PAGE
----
Christ

Creation Stories


Genesis 1:1-5 (NLT)


In the beginning God created the heavens and the earth. The earth was formless and empty, and darkness covered the deep waters. And the Spirit of God was hovering over the surface of the waters.

Then God said, “Let there be light,” and there was light. And God saw that the light was good. Then he separated the light from the darkness. God called the light “day” and the darkness “night.”

And evening passed and morning came, marking the first day.

Genesis 2:4-9 (NLT)

This is the account of the creation of the heavens and the earth.

When the Lord God made the earth and the heavens, neither wild plants nor grains were growing on the earth. For the Lord God had not yet sent rain to water the earth, and there were no people to cultivate the soil. Instead, springs came up from the ground and watered all the land. Then the Lord God formed the man from the dust of the ground. He breathed the breath of life into the man’s nostrils, and the man became a living person.

Then the Lord God planted a garden in Eden in the east, and there he placed the man he had made. The Lord God made all sorts of trees grow up from the ground—trees that were beautiful and that produced delicious fruit. In the middle of the garden he placed the tree of life and the tree of the knowledge of good and evil.


“In the beginning.” These are, of course, the opening words of the Great Story we celebrate in our lives, the story in which we participate whenever we gather for worship.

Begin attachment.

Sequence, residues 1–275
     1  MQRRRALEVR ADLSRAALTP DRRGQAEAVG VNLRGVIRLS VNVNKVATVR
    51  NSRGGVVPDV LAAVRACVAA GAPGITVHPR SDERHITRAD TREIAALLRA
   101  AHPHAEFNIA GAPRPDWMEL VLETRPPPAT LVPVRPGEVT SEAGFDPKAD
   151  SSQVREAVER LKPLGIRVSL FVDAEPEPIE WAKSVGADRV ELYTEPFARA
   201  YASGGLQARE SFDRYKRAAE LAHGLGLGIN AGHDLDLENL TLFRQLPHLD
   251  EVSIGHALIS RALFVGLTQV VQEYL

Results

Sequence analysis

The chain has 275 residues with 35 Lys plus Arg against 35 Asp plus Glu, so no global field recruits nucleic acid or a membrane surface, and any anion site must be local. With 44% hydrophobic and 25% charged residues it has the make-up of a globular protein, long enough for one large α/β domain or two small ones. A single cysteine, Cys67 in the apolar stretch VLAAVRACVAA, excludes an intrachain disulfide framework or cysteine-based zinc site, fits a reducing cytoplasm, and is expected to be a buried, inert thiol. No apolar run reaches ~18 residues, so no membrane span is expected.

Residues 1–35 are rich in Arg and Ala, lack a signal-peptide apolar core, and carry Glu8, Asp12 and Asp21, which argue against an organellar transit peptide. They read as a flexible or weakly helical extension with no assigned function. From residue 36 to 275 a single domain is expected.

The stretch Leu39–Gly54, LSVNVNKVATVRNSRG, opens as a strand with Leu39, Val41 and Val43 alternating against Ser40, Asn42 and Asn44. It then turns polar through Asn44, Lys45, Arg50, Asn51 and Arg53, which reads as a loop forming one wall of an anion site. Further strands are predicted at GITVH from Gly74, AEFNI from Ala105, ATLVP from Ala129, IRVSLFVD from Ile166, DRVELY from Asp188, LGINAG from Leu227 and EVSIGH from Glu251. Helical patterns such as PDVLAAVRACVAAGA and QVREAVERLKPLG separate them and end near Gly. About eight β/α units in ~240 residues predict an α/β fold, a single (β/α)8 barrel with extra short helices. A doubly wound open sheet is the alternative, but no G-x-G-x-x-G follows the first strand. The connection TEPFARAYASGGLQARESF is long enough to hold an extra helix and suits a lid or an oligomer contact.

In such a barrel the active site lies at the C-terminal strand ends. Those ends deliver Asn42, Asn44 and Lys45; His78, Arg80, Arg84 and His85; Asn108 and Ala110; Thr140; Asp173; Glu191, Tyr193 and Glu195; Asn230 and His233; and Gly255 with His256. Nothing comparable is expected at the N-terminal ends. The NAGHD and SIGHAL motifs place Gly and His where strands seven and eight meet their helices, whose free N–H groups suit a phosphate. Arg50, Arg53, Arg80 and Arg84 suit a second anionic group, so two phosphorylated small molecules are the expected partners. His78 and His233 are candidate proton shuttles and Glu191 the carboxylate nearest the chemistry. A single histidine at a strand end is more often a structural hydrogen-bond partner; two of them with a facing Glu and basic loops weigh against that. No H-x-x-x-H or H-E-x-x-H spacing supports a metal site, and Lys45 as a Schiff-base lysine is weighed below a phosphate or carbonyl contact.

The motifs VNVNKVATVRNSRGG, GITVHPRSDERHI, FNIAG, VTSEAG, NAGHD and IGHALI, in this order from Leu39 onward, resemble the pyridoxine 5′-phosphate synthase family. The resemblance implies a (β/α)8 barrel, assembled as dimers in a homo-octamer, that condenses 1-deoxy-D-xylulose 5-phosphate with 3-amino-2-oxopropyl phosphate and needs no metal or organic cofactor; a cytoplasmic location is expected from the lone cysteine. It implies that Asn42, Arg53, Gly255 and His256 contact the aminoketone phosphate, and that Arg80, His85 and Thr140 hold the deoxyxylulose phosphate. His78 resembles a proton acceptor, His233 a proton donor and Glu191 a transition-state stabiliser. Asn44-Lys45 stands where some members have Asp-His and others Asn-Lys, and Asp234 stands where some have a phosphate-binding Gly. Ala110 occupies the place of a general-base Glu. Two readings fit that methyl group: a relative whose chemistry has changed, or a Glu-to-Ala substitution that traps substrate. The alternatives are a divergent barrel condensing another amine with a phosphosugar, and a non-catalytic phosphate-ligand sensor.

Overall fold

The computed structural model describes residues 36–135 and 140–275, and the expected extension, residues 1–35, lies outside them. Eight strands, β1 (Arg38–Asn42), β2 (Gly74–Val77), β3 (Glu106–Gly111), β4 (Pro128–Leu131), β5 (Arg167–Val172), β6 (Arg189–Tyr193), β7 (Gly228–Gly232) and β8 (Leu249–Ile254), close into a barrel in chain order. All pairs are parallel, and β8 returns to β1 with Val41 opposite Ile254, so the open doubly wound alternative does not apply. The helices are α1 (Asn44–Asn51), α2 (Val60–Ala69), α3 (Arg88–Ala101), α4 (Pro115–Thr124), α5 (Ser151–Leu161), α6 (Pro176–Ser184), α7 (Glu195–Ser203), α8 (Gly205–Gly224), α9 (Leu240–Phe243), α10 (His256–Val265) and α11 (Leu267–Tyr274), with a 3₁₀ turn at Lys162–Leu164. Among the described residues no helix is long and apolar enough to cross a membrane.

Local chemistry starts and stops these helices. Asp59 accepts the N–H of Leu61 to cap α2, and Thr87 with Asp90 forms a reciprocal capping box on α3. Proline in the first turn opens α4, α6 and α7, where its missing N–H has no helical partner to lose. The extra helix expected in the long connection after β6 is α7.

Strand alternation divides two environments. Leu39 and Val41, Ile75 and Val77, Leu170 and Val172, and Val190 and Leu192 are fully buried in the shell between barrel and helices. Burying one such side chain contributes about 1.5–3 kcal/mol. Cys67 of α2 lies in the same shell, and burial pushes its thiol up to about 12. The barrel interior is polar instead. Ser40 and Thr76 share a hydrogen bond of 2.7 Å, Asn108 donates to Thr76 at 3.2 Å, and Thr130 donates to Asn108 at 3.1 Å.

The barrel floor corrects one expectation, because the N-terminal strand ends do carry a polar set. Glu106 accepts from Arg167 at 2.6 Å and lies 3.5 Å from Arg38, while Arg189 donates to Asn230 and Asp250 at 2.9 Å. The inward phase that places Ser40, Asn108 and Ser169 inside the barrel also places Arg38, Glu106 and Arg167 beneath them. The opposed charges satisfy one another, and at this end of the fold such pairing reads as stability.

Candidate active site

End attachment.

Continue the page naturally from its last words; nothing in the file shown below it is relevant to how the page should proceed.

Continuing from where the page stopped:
It is the Great Story, the Bible from Genesis to Revelation, that explains who God is, why God matters, and how God relates to his creation, particularly people. We discover that people are central to the Great Story, too—in fact, we matter so much, we are loved so much, that God does some very strange things to maintain the relationship.

Ultimately in the Great Story, there is God in flesh, and a cross, and resurrection. But today, we’re going to re-introduce ourselves to the creation stories, those first two chapters of the Holy Bible that set the tone for everything to come.

Being Biblical

I am going to be as biblical as I can be today; by that, I mean I am going to let the story as it is told shape what I say as much as possible. (God help me, and God forgive me where I fail in this area.) Traditionally, one of the great things about being Methodist is that we let the Bible guide us, trusting that it is God’s inspired word, communicating truths that transcend cultural biases.

That does not mean you will hear what some call a fundamentalist or literalist presentation of the creation stories’ highlights from me. As I understand those explanations of the creation stories, they at times can contradict the purposes of Genesis 1 and 2. Fundamentalists and literalists have been known to take lyrical tellings of who God is and how God relates to humans and reduce them to strange science, missing their larger points.